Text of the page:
Tectonic Evolution of the Weddell Sea
by Michael Studinger, Lamont-Doherty Earth Observatory

Free-Air and Bouguer Gravity Maps of the Weddell Sea Region
Figure 1 from Studinger and Miller, 1999, JGR. (a) Free-air anomaly map. The map is illuminated from the northwest to reveal smaller relief features. (b) Bouguer anomaly map. Contour interval is 40 mGal. Abbreviations are CL. Coats Land; DML, Dronning Maud Land; DPA, dipolar anomaly; FIS, Filchner Ice Shelf; FS, Filchner shelf; FT, Filchner Trough; RIS, Ronne Ice Shelf. Click here for a map of the Weddell Sea.

During my doctoral research at the Alfred Wegener Institute for Polar and Marine Research at Bremerhaven, Germany, my work focused on the geodynamic evolution of the Weddell Sea embayment and adjacent areas. I used mostly gravity data (see above) and magnetic data (see map), but also marine seismic data for this work.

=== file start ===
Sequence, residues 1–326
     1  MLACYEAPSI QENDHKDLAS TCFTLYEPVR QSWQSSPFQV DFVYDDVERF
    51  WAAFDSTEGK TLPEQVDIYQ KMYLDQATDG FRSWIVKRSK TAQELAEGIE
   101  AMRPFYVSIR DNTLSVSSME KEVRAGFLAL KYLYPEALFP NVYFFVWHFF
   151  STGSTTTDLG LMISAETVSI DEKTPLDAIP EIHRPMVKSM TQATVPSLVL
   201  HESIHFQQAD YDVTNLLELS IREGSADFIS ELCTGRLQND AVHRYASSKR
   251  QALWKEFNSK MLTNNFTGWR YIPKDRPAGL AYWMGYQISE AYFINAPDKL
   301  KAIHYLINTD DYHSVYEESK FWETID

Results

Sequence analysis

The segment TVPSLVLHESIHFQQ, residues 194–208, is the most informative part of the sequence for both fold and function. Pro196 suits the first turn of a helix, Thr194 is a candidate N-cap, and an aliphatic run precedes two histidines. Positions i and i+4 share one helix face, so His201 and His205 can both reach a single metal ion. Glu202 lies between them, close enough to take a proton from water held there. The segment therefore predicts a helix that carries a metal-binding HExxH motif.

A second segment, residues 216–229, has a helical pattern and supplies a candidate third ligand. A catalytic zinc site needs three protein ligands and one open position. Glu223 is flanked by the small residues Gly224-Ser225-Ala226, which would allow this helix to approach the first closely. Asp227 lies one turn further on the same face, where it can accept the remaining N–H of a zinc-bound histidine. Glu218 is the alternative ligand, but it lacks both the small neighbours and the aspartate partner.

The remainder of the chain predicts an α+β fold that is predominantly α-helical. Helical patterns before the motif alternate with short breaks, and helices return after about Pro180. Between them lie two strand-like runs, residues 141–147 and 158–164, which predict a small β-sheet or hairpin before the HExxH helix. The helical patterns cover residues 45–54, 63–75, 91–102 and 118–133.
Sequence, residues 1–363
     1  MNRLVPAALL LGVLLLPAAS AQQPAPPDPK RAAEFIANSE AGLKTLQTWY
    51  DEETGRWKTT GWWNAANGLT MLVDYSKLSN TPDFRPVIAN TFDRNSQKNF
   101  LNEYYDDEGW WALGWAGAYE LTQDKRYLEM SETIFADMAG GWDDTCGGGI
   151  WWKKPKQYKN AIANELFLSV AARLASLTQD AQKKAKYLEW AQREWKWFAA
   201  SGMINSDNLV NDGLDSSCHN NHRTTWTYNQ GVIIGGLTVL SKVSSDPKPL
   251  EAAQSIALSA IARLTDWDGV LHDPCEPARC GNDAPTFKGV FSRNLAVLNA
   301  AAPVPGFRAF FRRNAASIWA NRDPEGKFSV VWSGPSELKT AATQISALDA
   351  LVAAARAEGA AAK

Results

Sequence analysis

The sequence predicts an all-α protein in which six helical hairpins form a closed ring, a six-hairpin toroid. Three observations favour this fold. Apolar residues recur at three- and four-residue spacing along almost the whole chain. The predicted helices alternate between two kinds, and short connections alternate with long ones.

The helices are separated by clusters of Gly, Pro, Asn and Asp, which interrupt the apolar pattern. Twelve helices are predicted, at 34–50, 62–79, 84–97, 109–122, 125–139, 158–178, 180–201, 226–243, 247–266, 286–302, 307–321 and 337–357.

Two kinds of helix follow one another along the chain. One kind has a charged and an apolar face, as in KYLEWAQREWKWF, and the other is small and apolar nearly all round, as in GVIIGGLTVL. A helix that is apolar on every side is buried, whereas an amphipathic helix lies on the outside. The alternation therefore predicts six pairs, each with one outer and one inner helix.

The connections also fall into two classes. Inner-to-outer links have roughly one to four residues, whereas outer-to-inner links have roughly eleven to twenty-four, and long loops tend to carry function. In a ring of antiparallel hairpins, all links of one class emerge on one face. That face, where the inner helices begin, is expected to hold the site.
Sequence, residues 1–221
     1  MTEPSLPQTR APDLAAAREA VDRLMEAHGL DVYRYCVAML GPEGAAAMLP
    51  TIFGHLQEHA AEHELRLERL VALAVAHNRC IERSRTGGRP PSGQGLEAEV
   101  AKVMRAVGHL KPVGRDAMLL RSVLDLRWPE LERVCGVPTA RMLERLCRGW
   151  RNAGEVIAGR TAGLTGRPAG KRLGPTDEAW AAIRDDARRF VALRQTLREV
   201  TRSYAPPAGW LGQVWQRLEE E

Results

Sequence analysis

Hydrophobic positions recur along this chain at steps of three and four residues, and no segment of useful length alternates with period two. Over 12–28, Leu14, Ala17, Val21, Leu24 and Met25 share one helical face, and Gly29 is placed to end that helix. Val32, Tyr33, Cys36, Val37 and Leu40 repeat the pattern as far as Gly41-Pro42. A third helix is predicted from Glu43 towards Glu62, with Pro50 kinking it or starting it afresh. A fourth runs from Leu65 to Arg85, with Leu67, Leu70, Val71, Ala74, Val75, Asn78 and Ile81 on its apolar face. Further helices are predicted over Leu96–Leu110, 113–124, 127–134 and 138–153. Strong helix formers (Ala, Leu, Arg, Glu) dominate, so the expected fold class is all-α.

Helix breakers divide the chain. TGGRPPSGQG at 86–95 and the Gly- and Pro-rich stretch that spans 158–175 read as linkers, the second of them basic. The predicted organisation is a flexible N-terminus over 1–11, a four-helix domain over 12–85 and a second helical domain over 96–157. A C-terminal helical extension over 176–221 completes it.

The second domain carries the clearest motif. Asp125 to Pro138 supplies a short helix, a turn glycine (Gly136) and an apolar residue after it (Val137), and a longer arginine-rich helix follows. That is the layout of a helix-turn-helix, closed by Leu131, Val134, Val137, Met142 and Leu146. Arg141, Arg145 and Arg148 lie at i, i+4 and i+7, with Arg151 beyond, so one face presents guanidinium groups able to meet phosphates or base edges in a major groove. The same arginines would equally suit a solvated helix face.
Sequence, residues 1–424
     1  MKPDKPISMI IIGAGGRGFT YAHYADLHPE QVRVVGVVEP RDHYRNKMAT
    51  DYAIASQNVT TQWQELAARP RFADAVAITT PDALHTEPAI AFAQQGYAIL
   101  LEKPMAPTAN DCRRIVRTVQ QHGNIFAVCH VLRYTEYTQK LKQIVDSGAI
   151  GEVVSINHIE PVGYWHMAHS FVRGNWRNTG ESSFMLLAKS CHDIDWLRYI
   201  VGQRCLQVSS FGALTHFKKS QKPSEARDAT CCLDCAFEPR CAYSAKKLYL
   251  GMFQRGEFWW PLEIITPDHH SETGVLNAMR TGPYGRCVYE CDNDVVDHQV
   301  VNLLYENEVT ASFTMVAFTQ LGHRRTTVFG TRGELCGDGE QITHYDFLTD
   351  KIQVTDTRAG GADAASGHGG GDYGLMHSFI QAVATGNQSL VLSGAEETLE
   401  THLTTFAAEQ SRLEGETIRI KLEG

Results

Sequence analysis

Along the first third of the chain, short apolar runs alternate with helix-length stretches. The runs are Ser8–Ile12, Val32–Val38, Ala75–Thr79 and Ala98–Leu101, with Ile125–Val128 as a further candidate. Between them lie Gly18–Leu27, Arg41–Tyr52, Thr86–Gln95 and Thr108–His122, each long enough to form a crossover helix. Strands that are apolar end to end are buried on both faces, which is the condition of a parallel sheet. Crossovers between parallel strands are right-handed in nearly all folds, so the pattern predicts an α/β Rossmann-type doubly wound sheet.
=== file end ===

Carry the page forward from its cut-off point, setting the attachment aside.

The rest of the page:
Understanding the tectonic evolution of the Weddell Sea embayment (click here for a map) provides valuable insights on the breakup of Gondwana. Existing geodynamic models for this region differ mainly in the nature of the crust beneath the Filchner-Ronne shelf and the movement of the Ellsworth-Whitmore Mountains (EWM) crustal block. New gravity data presented here constrain the area and timing of this EWM movement from its prebreakup position to its present-day position. The crustal thickness estimates of 29 ± 5 km and 27 ± 4 km derived from power spectral analysis as well as forward gravity modeling make the existence of oceanic crust beneath the Filchner-Ronne shelf unlikely. A new crustal unit consisting of Precambrian crust has been identified with gravity and magnetic data and extends ~175 km off the coast of Coats Land. This crustal unit conflicts with the late Mesozoic movement of the EWM in this area. The effective elastic thickness of Te = 35 ± 5 km has been estimated from coherence spectra for the Ronne shelf. Together with the crustal thickness of 27 km from refraction seismic studies and comparison with theoretical models, the thermal age is estimated to be between 165 and 230 Ma for the Ronne shelf. This age marks the last significant tectonic event in this area and is in good agreement with the breakup of Gondwana. It further makes later movements of microplates like the EWM in this region unlikely. Thus a Filchner block consisting of continental crust should be considered in any geodynamic model of the early Weddell Sea evolution.